Here we go. With Agents of S.H.I.E.L.D., Marvel Studios takes their first step from dominating the silver screen to the small screen. The anticipation for this one has been building for quite some time, tail ending off the most recent Marvel box office juggernauts, Iron Man 3 and The Avengers. Joss Whedon and co. hope to put on display the excitement of the Marvel Universe through the eyes of the non-superpowered ranks of S.H.I.E.L.D (Strategic Homeland Intervention, Enforcement and Logistics Division). Agent Coulson (Clark Gregg) and Agent Maria Hill (Cobie Smulders) are the two major mainstays from the Marvel movie-verse who appear in the pilot and they’ve got a big cast to back them up.
Hit the jump for a recap of the premiere episode of Marvel’s Agents of S.H.I.E.L.D.
The episode begins with an ominous voice retelling the events of the Avengers flick and most likely laying groundwork for the threat that faces S.H.I.E.L.D this season. J. August Richards (as Mike Peterson, a factory worker and single father), starts displaying some super powers right out of the gate, after shakily telling his son that they won’t be able to afford the Avengers toys he was eyeing. A nice world-building scene, in that one of the coolest parts of the show should be establishing a world that is introduced to the likes of a team of aliens, gods, and monsters and how the general populace reacts to this.
Cue Paris (!) as agent Grant Ward (Brett Dalton), clearly the character made for the audience to relate to on the ground floor, accesses a fireplace/batcave in a woman’s apartment and begins fighting some thugs Bourne Identity–style. I’ll give the show one thing: two big action scenes in the span of five minutes is a nice change of pace and I’m digging the fast clip the plot is taking. It was nice to see Whedon’s signature humor on display as well as Ward and Maria Hill discuss why the heck its called S.H.I.E.L.D anyway.
Fantastic intro to Agent Coulson, balancing a flair for the dramatic with some gut-busting humor. Stepping from the shadows to reveal what is most likely going to be one of the biggest mysteries of the season, how the heck did Coulson survive being stabbed by Loki? Clearly, something is amiss as everyone in the S.H.I.E.L.D organization knows, except of course for Coulson. The banter between the characters feels supernatural, and you can tell the actors were really having a blast with their roles.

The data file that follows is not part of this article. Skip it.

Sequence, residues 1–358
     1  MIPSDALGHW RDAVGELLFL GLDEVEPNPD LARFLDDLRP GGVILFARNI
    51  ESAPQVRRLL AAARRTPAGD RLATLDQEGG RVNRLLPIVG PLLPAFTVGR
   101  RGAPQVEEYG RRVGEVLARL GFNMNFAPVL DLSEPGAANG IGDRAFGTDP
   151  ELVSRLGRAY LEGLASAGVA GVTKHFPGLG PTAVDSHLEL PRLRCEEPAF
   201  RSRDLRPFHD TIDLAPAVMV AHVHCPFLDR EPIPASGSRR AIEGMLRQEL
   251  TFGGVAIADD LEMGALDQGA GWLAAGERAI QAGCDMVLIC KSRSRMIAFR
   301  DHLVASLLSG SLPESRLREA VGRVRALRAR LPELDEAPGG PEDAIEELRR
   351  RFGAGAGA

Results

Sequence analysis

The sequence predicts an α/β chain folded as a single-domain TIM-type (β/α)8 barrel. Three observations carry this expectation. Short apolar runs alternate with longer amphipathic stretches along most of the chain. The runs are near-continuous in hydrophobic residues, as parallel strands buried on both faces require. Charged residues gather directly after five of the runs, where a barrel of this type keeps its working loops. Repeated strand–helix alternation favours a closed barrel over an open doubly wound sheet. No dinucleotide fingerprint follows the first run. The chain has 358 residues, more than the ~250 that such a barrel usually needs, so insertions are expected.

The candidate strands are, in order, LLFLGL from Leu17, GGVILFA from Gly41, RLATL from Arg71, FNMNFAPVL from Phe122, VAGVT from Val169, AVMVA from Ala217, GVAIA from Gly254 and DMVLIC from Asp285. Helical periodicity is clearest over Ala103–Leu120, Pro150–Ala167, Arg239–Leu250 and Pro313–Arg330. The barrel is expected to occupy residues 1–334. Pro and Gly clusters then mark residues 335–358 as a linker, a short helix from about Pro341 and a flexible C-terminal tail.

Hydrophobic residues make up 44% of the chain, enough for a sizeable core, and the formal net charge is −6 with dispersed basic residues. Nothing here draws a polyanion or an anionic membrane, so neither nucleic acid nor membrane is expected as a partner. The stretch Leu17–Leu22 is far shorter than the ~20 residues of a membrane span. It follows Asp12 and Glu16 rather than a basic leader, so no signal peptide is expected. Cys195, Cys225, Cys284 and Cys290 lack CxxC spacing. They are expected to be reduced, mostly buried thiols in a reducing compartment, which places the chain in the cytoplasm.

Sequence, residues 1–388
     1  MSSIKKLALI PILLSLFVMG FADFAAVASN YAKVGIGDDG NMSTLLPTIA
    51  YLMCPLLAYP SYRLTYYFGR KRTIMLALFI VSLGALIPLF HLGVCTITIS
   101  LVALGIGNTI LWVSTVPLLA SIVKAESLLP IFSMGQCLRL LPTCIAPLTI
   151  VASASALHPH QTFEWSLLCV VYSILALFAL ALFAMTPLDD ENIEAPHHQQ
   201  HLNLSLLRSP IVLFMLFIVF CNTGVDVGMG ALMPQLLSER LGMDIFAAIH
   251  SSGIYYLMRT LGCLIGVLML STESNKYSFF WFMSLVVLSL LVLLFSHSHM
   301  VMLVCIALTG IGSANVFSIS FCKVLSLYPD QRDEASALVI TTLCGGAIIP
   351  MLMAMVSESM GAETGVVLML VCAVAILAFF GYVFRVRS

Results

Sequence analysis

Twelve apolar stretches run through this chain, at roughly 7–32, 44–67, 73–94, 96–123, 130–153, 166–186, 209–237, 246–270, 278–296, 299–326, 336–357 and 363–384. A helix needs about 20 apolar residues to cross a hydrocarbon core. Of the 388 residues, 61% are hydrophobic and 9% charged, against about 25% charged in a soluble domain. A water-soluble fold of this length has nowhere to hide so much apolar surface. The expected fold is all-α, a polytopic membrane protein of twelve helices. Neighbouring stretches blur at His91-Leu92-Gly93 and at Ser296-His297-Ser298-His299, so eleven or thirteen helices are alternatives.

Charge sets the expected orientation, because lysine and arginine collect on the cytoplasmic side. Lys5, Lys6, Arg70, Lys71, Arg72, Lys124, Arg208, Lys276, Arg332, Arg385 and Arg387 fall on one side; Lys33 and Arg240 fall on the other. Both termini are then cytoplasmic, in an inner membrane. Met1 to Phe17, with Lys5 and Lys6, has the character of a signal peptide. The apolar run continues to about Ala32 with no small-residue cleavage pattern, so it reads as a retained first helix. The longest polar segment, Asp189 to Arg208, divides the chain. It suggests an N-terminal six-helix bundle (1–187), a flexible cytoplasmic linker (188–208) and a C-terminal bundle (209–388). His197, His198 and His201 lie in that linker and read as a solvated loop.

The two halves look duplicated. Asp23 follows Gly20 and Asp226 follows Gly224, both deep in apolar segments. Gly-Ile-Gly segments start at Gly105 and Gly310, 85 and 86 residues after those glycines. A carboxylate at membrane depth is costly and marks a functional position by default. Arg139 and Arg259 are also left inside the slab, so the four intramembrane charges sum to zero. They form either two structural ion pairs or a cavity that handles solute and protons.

The show is, in typical “Scooby Gang” fashion from Buffy the Vampire Slayer, doing well to establish the main cast of characters that audiences will be following this season, and, most likely, seasons to come. We’re introduced to Skye (Chloe Bennet), a hacker/super hero fan girl who is revealed to be the ominous voice at the beginning of the episode; Agent Melinda May (Ming-Na Wen), a vehicular specialist for S.H.I.E.L.D with a big reputation; and Agents Fitz and Simmons (Iain De Caestecker and Elizabeth Henstridge respectively) who act as S.H.I.E.L.D’s “Q” from the James Bond series, providing tech support, all of whom have their own quirks and charm.
The show does a great job of throwing curve balls at the audience. Going into this episode, I didn’t see Mike turning out to be the villain of the story, but considering what he does to his former boss in the factory, its a foregone conclusion that he’ll, at the very least, be an anti-hero. There’s certainly more than enough mysteries being set up in this episode to keep the audiences coming back to see how they’re eventually resolved between Coulson’s return, Peterson’s powers and where he got them, and how this team will be able to function as a unit with all the different misfits.
The references from Avengers come in hot and heavy during the pilot, with nods to the Super Soldier Serum that created Captain America, Gamma Radiation that created the Hulk, and “Extremis” which had a huge role in Iron Man 3. Watching the pilot, it almost feels like you’re watching another installment of the movies themselves, rather than simply a spin-off television show. The budget certainly helps with this in that the effects look like they have some serious money behind them.
The show ends with a nice conclusion of Mike Peterson, S.H.I.E.L.D, and the mysterious antagonists that gave him his powers, colliding in a train station. The show is off to a fantastic start, and I’m genuinely interested in learning more about the characters, the world they’re in, and the mysteries that have been set up. Good show Marvel.
Episode Rating: A-
Musings and Miscellanea
-Some great Marvel nods to fans, such as “Journey Into Mystery”, “With Great Power comes…a ton of weird crap” and S.H.I.E.L.D’s flying car at the very end.
– Great to see more and more of Whedon’s favorite actors from Buffy, Angel, Firefly, and Dollhouse making appearances. I always felt that more of these actors should be given bigger roles, and Whedon apparently thinks the same.
– One flaw of the pilot is that it does move almost too fast for its own good. I think it could have benefitted from one or two “quiet” scenes, digging into the characters a bit more. Though this is the pilot episode, so I can understand that ABC needs to lay it all on the line with the time that they have.
– J. August Richards was my favorite actor of the night. Why isn’t he in more stuff?
-The name of the evil organization is “Centipede”? I get it couldn’t have been Hydra because of their movie involvement, but how about “Leviathan” or “Serpent Society”?